3) To my knowledge, MOOCs are targeting entry level gut classes, rather than liberal arts classes.

4) Interaction with professors and individual attention is what liberal arts colleges sell. That's their pitch, right there in the brochures. It's going to be really tough for them to sell a branded version of an online course.

somefeller said...

Zach: All true. But MOOCs are likely to get better over time and can easily replace the humanities or natural science 101 courses as they are structured at most non-elite (and many elite) schools. And regarding your fourth point, you're very right, but it's hard to see people being willing to pay $40K+ per year for that privilege, except at schools whose name also buys social sorting cachet. Either prices drop or the schools do.

Regarding the job market for PhDs in academe, read this and weep (or not): http://alexandreafonso.wordpress.com/2013/11/21/how-academia-resembles-a-drug-gang/

rhhardin said...

Derrida Professors profess the truth, commit to it, declare it openly.

rhhardin said...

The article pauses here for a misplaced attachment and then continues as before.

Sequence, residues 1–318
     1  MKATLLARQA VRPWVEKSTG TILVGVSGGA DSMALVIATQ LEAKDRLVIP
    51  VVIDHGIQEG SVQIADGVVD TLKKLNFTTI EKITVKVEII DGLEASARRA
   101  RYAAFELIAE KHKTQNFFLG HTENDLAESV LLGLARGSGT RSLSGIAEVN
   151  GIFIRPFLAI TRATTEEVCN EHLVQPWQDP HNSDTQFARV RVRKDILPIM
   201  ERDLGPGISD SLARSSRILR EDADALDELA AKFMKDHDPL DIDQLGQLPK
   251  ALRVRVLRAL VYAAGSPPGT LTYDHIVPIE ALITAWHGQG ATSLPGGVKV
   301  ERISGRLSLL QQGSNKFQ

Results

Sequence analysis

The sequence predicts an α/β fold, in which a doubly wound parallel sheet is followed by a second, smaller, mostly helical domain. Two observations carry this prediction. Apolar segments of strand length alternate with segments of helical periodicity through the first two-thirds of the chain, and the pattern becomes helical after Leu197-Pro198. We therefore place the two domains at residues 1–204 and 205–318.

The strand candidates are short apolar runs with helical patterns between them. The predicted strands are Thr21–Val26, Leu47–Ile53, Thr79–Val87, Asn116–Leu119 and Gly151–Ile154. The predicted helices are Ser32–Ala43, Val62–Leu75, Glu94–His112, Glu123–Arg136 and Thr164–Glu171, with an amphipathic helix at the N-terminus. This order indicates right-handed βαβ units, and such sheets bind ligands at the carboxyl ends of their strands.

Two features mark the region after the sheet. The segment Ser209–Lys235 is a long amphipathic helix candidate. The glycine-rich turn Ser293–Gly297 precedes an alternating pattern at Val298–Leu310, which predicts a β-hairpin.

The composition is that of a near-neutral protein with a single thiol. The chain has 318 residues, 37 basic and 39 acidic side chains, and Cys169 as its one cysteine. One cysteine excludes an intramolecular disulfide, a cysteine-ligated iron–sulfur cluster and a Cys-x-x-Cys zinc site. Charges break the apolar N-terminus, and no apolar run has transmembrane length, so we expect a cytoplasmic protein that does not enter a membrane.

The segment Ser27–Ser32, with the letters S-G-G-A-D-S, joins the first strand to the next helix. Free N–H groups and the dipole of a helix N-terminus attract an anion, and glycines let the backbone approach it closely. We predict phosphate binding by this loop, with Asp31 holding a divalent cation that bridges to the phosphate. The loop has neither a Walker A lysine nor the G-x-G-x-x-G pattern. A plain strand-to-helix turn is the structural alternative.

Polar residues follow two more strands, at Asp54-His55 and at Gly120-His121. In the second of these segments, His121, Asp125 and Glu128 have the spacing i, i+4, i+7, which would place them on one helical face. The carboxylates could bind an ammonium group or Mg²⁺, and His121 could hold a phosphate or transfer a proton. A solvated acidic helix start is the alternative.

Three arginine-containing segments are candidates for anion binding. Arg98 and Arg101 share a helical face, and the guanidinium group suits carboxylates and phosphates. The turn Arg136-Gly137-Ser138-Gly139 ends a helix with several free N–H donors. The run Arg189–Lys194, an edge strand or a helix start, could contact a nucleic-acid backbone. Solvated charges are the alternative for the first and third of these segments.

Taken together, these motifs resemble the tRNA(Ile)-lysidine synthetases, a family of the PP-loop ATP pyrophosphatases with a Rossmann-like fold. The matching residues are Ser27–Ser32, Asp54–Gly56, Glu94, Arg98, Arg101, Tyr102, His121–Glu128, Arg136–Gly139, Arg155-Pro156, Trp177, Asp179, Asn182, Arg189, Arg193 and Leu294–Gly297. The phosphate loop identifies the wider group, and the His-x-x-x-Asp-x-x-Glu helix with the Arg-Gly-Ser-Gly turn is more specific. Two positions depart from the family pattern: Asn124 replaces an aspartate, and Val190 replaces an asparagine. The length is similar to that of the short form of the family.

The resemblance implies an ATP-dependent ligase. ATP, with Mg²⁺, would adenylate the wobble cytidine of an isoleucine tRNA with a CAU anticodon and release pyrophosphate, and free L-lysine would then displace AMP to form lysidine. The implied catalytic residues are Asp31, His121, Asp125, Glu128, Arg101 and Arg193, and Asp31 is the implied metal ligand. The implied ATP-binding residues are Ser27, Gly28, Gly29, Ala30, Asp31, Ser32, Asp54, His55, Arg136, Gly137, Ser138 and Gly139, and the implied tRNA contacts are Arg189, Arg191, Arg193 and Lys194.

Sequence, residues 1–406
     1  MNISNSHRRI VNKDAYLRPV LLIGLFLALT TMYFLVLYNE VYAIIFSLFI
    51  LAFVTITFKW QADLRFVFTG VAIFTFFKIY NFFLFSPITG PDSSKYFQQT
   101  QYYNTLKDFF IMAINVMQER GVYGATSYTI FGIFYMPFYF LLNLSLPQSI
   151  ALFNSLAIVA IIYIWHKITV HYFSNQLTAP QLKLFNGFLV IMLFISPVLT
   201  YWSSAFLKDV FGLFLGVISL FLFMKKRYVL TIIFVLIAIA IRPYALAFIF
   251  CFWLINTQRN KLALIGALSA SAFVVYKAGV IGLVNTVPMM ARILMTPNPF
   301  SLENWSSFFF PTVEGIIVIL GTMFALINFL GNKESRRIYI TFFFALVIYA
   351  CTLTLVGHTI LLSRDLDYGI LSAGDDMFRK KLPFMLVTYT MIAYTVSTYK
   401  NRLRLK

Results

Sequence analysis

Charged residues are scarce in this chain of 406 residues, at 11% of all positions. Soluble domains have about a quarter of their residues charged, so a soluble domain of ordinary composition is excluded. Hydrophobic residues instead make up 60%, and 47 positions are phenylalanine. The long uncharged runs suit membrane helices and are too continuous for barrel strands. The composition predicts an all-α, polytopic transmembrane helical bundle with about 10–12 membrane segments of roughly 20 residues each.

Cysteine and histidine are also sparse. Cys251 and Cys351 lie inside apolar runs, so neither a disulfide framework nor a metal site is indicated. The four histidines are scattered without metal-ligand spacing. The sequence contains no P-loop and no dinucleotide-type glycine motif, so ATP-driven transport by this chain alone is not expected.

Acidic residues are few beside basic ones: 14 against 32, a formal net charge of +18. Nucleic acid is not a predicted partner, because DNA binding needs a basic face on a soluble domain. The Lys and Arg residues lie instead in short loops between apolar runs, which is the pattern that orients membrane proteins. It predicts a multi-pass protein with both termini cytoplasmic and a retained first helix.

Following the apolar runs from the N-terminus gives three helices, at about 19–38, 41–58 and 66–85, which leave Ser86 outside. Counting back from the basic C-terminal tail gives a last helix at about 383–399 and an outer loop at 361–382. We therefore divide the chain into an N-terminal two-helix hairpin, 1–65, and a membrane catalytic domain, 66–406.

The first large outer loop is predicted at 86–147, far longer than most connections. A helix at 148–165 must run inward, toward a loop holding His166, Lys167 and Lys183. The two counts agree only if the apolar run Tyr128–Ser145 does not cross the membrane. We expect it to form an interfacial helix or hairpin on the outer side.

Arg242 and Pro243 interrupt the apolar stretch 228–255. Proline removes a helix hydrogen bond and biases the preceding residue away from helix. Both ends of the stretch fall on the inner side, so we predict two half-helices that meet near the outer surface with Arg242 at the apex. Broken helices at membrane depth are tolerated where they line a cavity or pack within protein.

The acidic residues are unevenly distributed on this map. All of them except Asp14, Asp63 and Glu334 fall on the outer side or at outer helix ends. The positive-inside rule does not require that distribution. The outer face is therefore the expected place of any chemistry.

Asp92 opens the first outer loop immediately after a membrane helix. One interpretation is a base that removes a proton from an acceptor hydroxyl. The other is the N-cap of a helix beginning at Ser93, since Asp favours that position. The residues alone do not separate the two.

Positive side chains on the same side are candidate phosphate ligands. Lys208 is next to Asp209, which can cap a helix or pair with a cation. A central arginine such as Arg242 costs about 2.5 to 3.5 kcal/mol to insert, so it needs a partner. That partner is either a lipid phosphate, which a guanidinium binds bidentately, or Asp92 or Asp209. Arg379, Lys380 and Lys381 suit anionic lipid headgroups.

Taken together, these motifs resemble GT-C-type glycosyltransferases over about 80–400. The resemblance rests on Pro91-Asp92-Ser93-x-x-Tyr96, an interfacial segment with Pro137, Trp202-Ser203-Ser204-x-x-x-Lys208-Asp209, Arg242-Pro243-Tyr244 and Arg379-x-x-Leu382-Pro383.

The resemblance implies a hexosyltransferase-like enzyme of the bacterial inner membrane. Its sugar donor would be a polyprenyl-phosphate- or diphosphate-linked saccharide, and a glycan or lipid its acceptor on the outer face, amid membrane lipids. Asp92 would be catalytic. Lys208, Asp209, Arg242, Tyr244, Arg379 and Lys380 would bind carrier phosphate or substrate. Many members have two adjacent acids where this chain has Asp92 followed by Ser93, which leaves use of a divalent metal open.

Curiously, I have a real audio file of Derrida giving the talk of which that is supposed to be a transcription. 1:46:50 long.

MaxTruth said...

"If higher education continues down its current path, full-time professors — already an endangered species — may become extinct."

And it can't happen too soon. In over 70 college courses (all levels), I had 1 teacher and the rest, at best, were lecturers. Lecturing is a commodity and you purchase commodities based on price,

Unknown said...

There seems to be a perceived 2-axis function, traditional education versus online education. I think the formulation is a fallacy; online and traditional are not orthogonal. The final solution is not likely to be one displacing the other, but rather some amalgamation of the two. One example:

http://www.mne.ksu.edu/big12ne